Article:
Report: Yankees have $5.77M pool for 2016 draft, $2.28M for 2016-17 international signing period

(Taylor Baucom/Getty)
(Taylor Baucom/Getty)

According to Hudson Belinsky, the Yankees will have a $5,768,400 bonus pool for the 2016 draft and a $2,177,100 bonus pool for the 2016-17 international signing period. That gives them a $7,945,500 pool to sign amateur players this year, sixth smallest in baseball. Only the Cubs, Royals, Giants, Rangers, and Nationals have less to spend.

The Yankees did not gain or lose any draft picks via free agency this offseason, and there’s no reason to expect them to sign one of the remaining qualified free agents (Yovani Gallardo, Dexter Fowler, Ian Desmond). They’re currently slated to pick 19th overall, though they’ll move up to 18th if the Orioles finish their deal with Gallardo.

As a reminder, the draft pool covers the top ten rounds. Each pick in the top ten rounds is assigned a slot value, and if you pay one pick below slot, you’re free to spend the savings elsewhere. Every pick after the tenth round has a $100,000 slot value, and anything over that counts against the pool. The Yankees have exceeded their draft pool ever so slightly the last few years. Enough to get hit with a small tax but not enough to forfeit future picks. No team has forfeited future picks yet.

The international bonus pool is largely irrelevant because the Yankees are still stuck with a $300,000 bonus cap stemming from their 2014-15 international spending spree. New York is pretty darn good at finding under-the-radar Latin American prospects — Luis Severino ($225,000), Jorge Mateo ($250,000), and Domingo Acevedo ($7,500) all signed for under $300,000 — but that bonus cap stinks. It takes them out of the running for the best players.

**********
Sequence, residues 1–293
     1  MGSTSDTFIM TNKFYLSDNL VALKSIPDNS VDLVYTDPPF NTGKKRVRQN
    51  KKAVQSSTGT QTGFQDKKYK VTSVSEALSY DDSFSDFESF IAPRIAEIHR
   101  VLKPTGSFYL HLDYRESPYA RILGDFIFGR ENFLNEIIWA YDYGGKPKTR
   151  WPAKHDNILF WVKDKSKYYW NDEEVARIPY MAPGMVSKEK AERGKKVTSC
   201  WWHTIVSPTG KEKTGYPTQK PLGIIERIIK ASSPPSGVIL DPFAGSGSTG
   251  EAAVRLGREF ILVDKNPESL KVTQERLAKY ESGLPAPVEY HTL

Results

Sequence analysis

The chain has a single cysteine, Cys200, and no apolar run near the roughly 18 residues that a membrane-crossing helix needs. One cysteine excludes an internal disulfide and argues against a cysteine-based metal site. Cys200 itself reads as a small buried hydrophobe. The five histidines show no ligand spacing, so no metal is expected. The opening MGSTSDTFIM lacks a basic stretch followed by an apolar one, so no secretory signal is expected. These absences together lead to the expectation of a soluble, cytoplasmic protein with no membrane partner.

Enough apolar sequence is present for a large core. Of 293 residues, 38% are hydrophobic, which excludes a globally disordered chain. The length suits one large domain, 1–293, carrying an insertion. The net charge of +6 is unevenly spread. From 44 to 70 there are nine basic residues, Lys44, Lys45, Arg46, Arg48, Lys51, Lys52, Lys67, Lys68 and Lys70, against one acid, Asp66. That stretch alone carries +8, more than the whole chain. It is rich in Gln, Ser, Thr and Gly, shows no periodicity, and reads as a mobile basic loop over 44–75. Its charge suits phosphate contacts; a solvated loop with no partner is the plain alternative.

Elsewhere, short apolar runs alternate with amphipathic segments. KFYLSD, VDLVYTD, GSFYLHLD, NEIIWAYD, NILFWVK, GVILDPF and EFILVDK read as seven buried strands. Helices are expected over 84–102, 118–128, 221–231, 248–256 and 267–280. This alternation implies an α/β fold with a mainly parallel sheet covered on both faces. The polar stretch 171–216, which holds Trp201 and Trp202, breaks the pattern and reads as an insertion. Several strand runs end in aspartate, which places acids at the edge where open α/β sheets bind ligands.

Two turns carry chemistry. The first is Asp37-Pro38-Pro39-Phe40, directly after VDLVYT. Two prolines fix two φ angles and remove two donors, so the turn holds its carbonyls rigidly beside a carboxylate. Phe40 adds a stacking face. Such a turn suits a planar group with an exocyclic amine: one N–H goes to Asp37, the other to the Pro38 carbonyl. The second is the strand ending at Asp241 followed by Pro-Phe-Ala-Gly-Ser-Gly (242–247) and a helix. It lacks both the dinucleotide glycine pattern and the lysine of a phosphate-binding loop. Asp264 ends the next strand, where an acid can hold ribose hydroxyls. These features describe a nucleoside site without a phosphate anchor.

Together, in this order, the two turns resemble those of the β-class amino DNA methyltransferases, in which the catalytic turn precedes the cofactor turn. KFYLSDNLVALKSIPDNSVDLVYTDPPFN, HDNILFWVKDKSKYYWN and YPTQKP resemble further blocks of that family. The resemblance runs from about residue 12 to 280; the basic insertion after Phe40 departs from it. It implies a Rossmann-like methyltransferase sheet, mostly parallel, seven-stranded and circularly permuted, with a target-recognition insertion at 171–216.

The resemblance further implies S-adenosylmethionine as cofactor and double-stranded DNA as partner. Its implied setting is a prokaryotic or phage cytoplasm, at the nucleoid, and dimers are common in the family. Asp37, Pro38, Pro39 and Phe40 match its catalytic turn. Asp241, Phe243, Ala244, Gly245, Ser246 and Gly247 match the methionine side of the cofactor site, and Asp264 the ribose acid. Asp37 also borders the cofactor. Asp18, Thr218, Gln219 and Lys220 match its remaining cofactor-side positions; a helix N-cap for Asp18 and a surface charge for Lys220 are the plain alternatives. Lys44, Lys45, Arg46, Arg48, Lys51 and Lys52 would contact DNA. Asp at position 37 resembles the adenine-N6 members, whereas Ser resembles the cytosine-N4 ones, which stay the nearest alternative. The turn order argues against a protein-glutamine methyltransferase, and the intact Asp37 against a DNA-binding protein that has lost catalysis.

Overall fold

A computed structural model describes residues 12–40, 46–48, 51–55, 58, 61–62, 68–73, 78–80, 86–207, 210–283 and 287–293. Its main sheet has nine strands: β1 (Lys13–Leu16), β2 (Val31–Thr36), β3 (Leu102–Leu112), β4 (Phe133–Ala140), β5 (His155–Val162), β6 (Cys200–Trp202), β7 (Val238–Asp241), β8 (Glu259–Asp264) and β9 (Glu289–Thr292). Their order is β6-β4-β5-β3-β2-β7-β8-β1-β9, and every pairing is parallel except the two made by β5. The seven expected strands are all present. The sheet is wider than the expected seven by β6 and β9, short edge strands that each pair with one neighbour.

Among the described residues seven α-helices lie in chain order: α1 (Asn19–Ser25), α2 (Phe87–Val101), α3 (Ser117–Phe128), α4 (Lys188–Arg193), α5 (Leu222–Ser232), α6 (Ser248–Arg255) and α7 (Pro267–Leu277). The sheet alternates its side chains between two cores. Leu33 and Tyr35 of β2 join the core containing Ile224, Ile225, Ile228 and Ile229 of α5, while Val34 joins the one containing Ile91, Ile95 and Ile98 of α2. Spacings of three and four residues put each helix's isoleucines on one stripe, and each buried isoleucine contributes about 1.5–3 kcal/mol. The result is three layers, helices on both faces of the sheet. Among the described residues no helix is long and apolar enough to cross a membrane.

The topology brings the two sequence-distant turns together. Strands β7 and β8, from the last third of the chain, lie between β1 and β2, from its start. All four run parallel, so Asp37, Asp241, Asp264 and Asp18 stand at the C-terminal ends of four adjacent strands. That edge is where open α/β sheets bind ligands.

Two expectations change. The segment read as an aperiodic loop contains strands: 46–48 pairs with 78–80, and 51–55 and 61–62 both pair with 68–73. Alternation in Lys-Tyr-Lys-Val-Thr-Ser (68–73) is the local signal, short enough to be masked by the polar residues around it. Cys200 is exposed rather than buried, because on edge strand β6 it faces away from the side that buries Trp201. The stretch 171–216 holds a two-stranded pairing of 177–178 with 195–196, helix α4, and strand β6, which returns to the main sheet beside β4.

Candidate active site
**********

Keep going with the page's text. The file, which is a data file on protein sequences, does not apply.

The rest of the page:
The Yankees will be able to resume spending as they please next year, during the 2017-18 international signing period, assuming the upcoming Collective Bargaining Agreement doesn’t drastically change things. An international draft could be coming. The international signing period opens July 2nd this year, as it does every year.

Rosenthal: Yanks among teams scouting Cuban outfielder Alexei Bell

The Yankees were among the 13 teams scouting Cuban outfielder Alexei Bell at his recent showcase in Mexico, reports Ken Rosenthal. The other dozen teams scouting him were the usual heavy hitters (Dodgers, Red Sox, Giants, etc.). Bell is still going through the process of becoming a free agent, so he can’t sign just yet.

Bell, 32, left Cuba with his family with the government’s permission last year. “Physically, I don’t feel 32. I feel strong. I feel young. I feel agile,” he said to Rosenthal. “I feel I can still produce a lot on the field. I do not feel old at all … I’ll demonstrate that in the games.” Here are his recent stats, via Baseball Reference:

2011 27 0.8 Santiago de Cuba 81 350 91 19 0 18 69 16 9 53 35 .327 .449 .590 1.038
2012 28 1.6 Santiago de Cuba 21 85 20 2 1 2 6 0 1 17 9 .303 .452 .455 .907
2013 29 1.5 Santiago de Cuba 44 179 43 11 0 8 24 3 2 21 13 .277 .374 .503 .878
2014 30 3.1 2 Teams 58 251 64 11 2 8 28 9 3 45 29 .323 .450 .520 .970
2015 31 Quebec 59 241 71 14 2 2 23 11 6 14 24 .317 .363 .424 .787
All Levels (15 Seasons) 718 3682 998 201 33 140 655 132 51 445 463 .319 .414 .539 .952

Bell, who is listed at a mere 5-foot-7 and 187 lbs., spent last season in an independent league and performed well, though not as well as he had in Cuba over the years. He’s starred in international competition while being teammates with Jose Abreu and Yoenis Cespedes, among others.